• Another incident, this time from the Korean War: a British force was eventually forced to retreat, having received no reinforcements and being reduced to throwing tinned rations at the enemy. The commanding officer's report to his American superiors stated that things were "a bit sticky". The Americans, failing to recognize textbook British understatement, did not send the necessary support until after they died practically to the last man. The British troops numbered 600 and were facing a Chinese force numbering around 30,000. The Chinese lost 10,000 men while the British suffered only 59 KIA, though only 39 evaded capture.
  • After the British ship HMS Coventry was hit by an Argentinian missile during the Falklands War of 1982 and was sinking, the crew awaiting rescue figured they might as well pass the time and started singing "Always Look On the Bright Side of Life".
  • Keep Buggering On, Mister Churchill, Keep Buggering On.
  • The page image and "Keep Calm and Carry On" were both posters created during World War II, though "Keep Calm and Carry On" was never actually displayed during the war because the government never thought the situation had gotten bad enough to warrant its use. It became a symbol of British character only after it was rediscovered in a second-hand bookshop in 2000.
  • After the 7/7 London bombings, the website We're Not Afraid popped up, with thousands of images sent in of various Brits displaying the message in various creative and simple ways. Reinforced by people queueing at the bus stop for the route which had been attacked the very next day. Very 'Keep Calm And Carry On', and especially notable for how it defied the official government and media response which was as though World War III had been declared.
    • One man, who lived through The Troubles, responded by saying, "I've been blown up by a better class of bastard than this."
    • On that note, graphic novellist Alan Moore described the bombings as 'that little bit of bother on the 7th July'.
  • Noted by comedian Dara Ó Briain. On the 6th of July, 2005, we learnt we were getting The Olympics in 2012 and the next day was the bombing — apparently everybody in London reacted the same to both pieces of news: "Oh... but how am I going to get home?"
    Dara Ó Briain: Oh, my god, there's a bomb on the Picadilly Line. [beat] Well, I can take the Victoria line. [beat] You know, that might actually be faster?
  • The '80s British prank show Beadle's About once staged an elaborate hoax alien invasion in a woman's back garden. How did she respond to a strange alien figure emerging from the wreckage of a UFO in the middle of her flowerbeds? Naturally, she asked the "alien" whether it would like a cup of tea.
  • A firebomb went off in a cinema in Liverpool during WWII. Naturally, everyone assumed it was the Germans, and ran to the door. One man stood up and said, "Don't worry, it's only the Irish," who were fighting for independence. Everyone waited for the bomb to fizzle out, and continued watching the film.
  • The entire life of Lieutenant Colonel Alfred Daniel Wintle embodied this trope.
    • In his first action in WWI, aged 16, he found himself frozen with fear under heavy machine-gun fire. Not knowing what else to do, he stood up, saluted, and sang the national anthem.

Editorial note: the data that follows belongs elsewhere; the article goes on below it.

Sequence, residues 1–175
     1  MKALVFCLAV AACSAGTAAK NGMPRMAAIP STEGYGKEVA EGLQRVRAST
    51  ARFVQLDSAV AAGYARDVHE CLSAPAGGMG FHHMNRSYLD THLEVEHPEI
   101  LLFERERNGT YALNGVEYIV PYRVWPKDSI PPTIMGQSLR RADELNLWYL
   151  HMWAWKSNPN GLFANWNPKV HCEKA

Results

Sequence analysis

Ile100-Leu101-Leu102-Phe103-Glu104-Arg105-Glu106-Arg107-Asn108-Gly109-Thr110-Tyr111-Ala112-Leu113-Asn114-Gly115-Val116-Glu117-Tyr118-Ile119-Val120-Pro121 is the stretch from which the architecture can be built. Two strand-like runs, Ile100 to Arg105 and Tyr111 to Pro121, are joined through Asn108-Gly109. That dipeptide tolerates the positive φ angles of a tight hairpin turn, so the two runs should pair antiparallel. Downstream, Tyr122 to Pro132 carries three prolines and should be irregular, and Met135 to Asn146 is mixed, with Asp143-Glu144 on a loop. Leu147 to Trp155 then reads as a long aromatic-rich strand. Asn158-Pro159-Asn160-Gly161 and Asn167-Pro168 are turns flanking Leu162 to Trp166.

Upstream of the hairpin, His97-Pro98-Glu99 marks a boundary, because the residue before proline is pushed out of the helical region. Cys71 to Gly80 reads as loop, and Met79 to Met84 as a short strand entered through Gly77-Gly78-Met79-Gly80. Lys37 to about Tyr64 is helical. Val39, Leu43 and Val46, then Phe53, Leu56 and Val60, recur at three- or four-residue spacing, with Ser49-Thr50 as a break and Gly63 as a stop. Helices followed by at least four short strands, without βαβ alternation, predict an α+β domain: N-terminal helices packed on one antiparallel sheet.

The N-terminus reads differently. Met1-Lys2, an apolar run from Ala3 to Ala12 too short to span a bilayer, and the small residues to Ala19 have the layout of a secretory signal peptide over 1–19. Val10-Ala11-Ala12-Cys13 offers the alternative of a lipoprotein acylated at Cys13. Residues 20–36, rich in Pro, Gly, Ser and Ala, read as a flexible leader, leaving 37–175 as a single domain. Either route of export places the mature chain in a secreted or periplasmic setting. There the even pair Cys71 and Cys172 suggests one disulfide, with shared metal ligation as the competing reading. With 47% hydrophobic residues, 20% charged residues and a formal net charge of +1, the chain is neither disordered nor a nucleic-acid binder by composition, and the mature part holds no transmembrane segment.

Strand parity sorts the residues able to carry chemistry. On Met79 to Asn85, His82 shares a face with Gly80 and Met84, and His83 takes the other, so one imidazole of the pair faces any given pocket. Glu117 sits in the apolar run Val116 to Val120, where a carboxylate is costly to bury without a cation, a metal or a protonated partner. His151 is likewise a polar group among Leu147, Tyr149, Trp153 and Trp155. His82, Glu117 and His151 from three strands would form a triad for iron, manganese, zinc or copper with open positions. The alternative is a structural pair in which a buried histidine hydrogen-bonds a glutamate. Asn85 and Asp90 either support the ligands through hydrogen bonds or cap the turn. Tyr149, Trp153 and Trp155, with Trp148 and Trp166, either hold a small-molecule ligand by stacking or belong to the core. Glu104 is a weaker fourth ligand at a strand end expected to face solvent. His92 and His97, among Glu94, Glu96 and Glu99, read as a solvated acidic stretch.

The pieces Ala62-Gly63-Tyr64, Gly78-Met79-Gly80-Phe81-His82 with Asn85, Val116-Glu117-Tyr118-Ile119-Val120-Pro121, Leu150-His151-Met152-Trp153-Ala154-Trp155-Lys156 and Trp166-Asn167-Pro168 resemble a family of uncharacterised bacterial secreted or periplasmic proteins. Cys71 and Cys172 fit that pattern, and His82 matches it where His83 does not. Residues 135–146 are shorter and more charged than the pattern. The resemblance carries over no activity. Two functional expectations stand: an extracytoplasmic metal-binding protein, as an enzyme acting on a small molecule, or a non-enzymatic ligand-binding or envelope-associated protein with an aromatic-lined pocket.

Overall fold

• In a later action, he was helping guide a horse pulling a gun when he suffered a near-direct hit from a German shell that destroyed his knee, blew off several of his fingers, and blinded him in one eye. His first words on waking in a military hospital? "Is the horse alright?" It wasn't.
    • He received the Military Cross for almost-singlehandedly capturing a village from the Germans and holding it for several hours until relieved. He later claimed to have no recollection of the action but admitted: "It does sound the sort of thing I'd do". While in the hospital he saw a young trooper of his regiment dying of scarlet fever. He pushed past the doctors to bellow at the unconscious man "Now look here. It's against King's Regulations for a Dragoon to die in bed. Now I order you to stop dying AT ONCE! And when you do get up, get your bloody hair cut!". The man went on to make a full recovery and indeed outlived Wintle.
    • In WWII he was arrested for attempting to steal a plane (in order to meet the leader of the French Air Force to arrange their defection to Britain in the event of a surrender, and having been refused the official loan of one despite threatening the Squadron Commander—and himself with his service revolver). The poor NCO assigned to escort him to prison (in the Tower of London no less) somehow managed to lose the arrest warrant. Ordering the NCO to wait for him at the station, Wintle returned to HQ to acquire a new warrant. Finding no more senior officer than himself there, he signed his own arrest warrant.
    • After a short spell in the Tower, he was assigned to SOE and dropped behind the lines in France, where he was promptly betrayed by his contact and arrested by the Vichy French. In the French military prison, he routinely berated his guards for their slovenly appearance and went on hunger strike in protest at it, refusing to eat for 9 days until they paraded in their best uniforms. In The Last Englishman, a biopic about Wintle's career, it was revealed by Maurice Miola, the head of the garrison in which Wintle was imprisoned, that his sheer patriotism and fortitude had inspired all 280 men stationed there to join the Résistance after he'd been transferred to another prison.